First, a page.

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All hail Ruslan..... - 10-27-2019, 05:46 AM

Did this cat catch a gear this week or WHAT??? Wow. Impressive doesn't begin to describe his play at this event. His two turn destruction of Alex in the final was epic. The whole event was great with hi-level play on display everyday. I don't play it much but i learned a few moves that i have to go try out. Later folks................
  
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10-27-2019, 06:28 AM

Yes, his play was superb, but I'm taking it a step further.

It's no secret that Ruslan is among the world's straightest shooters. He has shown it for a few years now. I have watched him in the 14.1 challenge at Derby City numerous times. He has often used his special pocketing skills to produce long runs in 14.1, but has tended to get in and out of trouble.at times in managing the racks, recovering with otherworldly pocketing.

He put in one hell of a week in American 14.1 Championship, but found a new level in the final, not in pocketing but in technical excellence.

In the final, he played the game of 14.1 the way the old masters did.

Pattern Play
His patterns were very elegant and he, resultingly, rarely had any tricky layouts to navigate in the end rack. His pattern play in the final was reminiscent of the great Jim Rempe.

In the final, Ruslan observed some of the most basic principles of straight pool pattern play: a) clear the rails earlier rather than later, b) clear balls beneath the rack and those in the kitchen earlier rather than later, and c) save the balls that are productive in the end rack.

Attack Angles
Ruslan nearly always left the perfect angle on the primary break shot. He passed on some inferior secondary break shots and proceeded to find shape onto something that had better prospects. He used the right stroke and speed selections on the break shots to accomplish two things: a) hitting the most productive part of the pack/cluster to spread the balls and b) ensuring that the cue ball angle off the pack/cluster was a productive one.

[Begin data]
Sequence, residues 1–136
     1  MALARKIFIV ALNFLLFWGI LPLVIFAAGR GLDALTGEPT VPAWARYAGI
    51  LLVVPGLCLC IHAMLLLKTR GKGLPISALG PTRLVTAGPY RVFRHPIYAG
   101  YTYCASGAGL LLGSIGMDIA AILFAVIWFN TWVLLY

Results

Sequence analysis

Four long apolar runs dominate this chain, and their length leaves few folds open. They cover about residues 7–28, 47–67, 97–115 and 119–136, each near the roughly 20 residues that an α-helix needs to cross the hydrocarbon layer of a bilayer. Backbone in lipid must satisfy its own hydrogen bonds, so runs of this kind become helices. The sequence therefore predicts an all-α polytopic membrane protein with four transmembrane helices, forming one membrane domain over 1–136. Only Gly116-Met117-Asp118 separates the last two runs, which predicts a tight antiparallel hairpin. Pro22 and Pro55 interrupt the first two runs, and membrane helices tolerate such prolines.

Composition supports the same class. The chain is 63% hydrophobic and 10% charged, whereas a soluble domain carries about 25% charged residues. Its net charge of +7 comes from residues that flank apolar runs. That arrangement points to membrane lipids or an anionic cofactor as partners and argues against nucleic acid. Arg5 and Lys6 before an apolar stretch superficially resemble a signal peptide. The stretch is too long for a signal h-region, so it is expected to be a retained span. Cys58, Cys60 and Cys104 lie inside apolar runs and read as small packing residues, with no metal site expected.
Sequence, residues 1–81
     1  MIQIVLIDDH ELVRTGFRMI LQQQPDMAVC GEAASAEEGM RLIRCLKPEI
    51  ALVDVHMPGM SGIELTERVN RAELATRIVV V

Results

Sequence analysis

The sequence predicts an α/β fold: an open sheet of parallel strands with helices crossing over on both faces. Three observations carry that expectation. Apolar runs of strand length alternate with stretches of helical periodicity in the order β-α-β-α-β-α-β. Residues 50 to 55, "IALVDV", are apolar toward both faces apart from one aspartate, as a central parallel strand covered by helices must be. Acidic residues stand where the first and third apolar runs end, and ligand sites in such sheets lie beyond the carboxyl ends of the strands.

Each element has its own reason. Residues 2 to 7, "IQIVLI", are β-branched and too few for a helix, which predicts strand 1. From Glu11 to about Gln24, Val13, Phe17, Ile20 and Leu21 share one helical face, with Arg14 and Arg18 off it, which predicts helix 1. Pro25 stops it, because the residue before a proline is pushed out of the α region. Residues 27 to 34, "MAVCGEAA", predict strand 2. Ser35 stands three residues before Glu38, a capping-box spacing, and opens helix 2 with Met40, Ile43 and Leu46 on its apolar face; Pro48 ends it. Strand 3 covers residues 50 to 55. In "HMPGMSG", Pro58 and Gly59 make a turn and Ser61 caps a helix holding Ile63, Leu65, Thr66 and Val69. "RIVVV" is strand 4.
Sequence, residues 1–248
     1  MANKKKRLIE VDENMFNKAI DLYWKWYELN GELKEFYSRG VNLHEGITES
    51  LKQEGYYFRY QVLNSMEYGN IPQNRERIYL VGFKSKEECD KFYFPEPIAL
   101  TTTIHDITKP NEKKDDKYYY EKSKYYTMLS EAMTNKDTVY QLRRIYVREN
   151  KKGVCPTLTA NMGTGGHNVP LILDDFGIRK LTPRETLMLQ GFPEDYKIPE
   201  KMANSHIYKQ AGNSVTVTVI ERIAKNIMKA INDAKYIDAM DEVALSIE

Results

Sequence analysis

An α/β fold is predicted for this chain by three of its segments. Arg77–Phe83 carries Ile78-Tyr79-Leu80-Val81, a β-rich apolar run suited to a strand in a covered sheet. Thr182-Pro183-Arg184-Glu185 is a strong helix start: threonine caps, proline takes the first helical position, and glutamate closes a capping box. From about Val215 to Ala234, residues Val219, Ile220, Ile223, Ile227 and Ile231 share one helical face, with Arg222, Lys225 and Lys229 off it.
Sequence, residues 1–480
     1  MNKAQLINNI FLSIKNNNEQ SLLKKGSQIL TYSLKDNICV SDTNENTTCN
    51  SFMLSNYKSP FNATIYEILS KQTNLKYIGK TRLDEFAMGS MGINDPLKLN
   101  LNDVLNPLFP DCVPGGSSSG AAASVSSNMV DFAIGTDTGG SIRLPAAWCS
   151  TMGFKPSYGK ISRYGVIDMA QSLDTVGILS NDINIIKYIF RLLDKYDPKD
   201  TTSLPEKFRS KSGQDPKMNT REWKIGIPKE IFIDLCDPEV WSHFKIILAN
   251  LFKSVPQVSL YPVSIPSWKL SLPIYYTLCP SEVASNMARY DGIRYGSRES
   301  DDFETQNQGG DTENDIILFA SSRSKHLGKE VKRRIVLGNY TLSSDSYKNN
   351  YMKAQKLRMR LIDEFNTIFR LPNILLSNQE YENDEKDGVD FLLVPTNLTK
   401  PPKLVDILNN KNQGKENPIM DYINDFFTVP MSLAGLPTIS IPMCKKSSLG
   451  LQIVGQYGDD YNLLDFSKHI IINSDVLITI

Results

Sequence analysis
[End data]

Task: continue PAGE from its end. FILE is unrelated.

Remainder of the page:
In this regard, it's worth comparing the play of Ruslan to that of another player who shined with glowing excellence in the American 14.1 Championship --- namely third place finisher Marco Teutshcer. Marco's often inferior attack angles in the semifinal caused him to have to navigate difficult positions. To his credit, he nearly always worked his way out of trouble, but he demonstrated how much harder you have to work when your attack angles aren't best.

Conclusion
It is easy for the untrained eye to marvel in the excellence of anyone who gets to 175 in two innings, but Ruslan's effort in the final was a shining example of technical excellence as much a display of superior pocketing. During the final, commentator Mika Immonen found himself saying "that was textbook" several times, and with good reason!

Last edited by sjm; 10-27-2019 at 06:33 AM.
  
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10-27-2019, 08:22 AM

He definitely has a knack for this game and he makes shots.
I was a little surprised about the re-rack at the beginning of the match.
My interpretation is that a re-rack is optional only after a "breaking foul".
Alex drove two balls and the cue to rails and then scratched. The rules
don't seem to specify that as a "breaking foul". Or am I missing something?
  
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Rules